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Brief History of the Locality

St. Mary’s Dunstable,

Canon Tony Brennan

Prehistoric burial mounds and earthworks on the chalk hills around Dunstable bear witness to its importance since earliest times. The town sits in a gap through the Chiltern Hills on the site of a small Roman settlement called Durocobrivis, which was established at crossroads formed by the Roman Watling Street and the prehistoric Icknield Way.

The site was abandoned in Saxon times but it was here that Henry I founded an Augustinian priory in 1131, built a palace and established a new market town. Dunstable became a place of considerable importance, hosting regular royal visits and jousting tournaments. It was at the priory in the 16th century, that the annulment of Henry VIII's marriage to Catherine of Aragon was pronounced, followed by the dissolution of the priory itself soon afterwards. Part of the original priory church, with its fine Norman nave and magnificent west front, survives as the town's C of E parish church.

Dunstable picked itself up from the ruins of the Reformation and again became a busy town with the advent of stagecoach travel. Several coaching inns remain from this prosperous period, which itself declined with the coming of the railway age and the consequent shift of the straw-plait and hat making industries from Dunstable to Luton with its main line railway station.

Once again Dunstable rode out its misfortunes and, at the turn of the century, began to welcome new industries including printing and engineering and, most notably, the motor trade. Today, many companies with household names have premises on the town's modern industrial estates.


          St. Mary’s Parish

Brief history of the three Churches

In 1927 there were about 60 practising Catholics in Dunstable and a committee was formed to petition the Bishop of Northampton to have Mass said there. At that time Dunstable was in the care of Father O’Connor of Luton and the majority of the Dunstable Catholics had to take a train at 8:06 am on Sunday mornings to attend Mass.

The Bishop gave the green light for a Mass centre to be opened and he invited Spanish Vincentians who had a house in Potters Bar to take charge of the venture. The first Mass centre was a house in Regent Street which lasted for a few months until the present property in West Street was purchased (it had been a rectory) in November 1927. Two of the rooms of the old rectory were converted into an oratory, which served the Dunstable Catholics until 1936 when the “Old Church”, which is now part of the Parish Centre, was opened.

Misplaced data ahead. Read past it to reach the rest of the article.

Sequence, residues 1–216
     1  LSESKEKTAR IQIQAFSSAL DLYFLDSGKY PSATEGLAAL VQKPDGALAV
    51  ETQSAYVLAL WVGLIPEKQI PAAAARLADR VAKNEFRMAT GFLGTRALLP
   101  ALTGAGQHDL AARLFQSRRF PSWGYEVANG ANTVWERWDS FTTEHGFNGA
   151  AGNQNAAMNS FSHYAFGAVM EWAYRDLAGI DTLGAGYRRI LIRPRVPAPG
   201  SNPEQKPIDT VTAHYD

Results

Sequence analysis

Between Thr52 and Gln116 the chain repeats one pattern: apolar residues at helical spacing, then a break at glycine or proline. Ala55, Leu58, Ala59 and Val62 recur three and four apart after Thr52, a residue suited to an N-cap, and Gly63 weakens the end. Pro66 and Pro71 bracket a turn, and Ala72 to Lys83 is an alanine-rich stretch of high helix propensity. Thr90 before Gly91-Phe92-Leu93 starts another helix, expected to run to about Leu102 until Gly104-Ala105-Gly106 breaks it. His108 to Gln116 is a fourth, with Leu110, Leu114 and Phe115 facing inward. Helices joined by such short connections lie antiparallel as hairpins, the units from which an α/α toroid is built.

Spanish Vincentians

 In 1957 the Spanish Vincentians handed over the parish to their confreres of the Irish Province and Maurice Regis O’Neill C.M. was appointed Parish Priest. Dunstable was developing as a centre for employment, particularly in the motor industry and, the 1936 building was not big enough to accommodate the growing number of Catholics. In 1961 work was begun on the site of the present Church. The foundation stone was laid on 29th April 1962 and St. Mary’s Church formally blessed and opened by Bishop Leo T. Parker, Bishop of Northampton on 15th March 1964. The local newspaper of the following week described the event,which was attended by representatives of the civic and ecclesiastical life of the area as “a great day despite the snow”.

The Church cost £100,000. On the day it was blessed £60,000 had already been raised by the parishioners. In another newspaper report the cost of the Church was put at £85,000. Perhaps the additional £15,000 was the cost of the presbytery.The building is 100 feet in diameter and 40 feet high; there is a slender spire on the roof 35 feet high.The capacity of the building is 850 seated although the report of the opening said the 1,200 people were packed into it for the occasion.

 St. Vincent’s Church

The second church of the parish St. Vincent’s is situated in Houghton Regis . The village was expanded greatly in the 1960’s as part of the London over-spill and has since continued to grow as a centre of population. Amongst Catholics there is a strong sense of community. This is due to the natural camaraderie of the first inhabitants who came from close-knit London communities such as the East End and Paddington. The first resident priests and their associates, the Sisters of Charity of St. Vincent de Paul, further developed this spirit. Another factor was the rudimentary Mass centres that preceded the purpose built church, school and social centre of the late 1970’s. St. Vincent's closed in March 2020 during the Pandemic and did not reopen. The building was handed over to the adjoining St. Vincent's School in July 2022. The social centre remains open.

 St. Elizabeth’s Church

 The third church in the parish was St. Elizabeth’s Toddington. This was a community of about 60 regular Mass goers. The little chapel is a converted stable, part of a property bequeathed to the parish by a wealthy convert, by the name of Miss Elizabeth Hopwood. There was tangible sense of ownership in this village community and a great loyalty to their little church. The last Mass was celebrated in September 2019 . The Church was later sold.


The parish was transferred from the Vincentian's to the Diocese of Northampton by Fr Eamon Devlin CM in September 2019, and Fr Tony Brennan was appointed parish priest by Bishop Peter Doyle.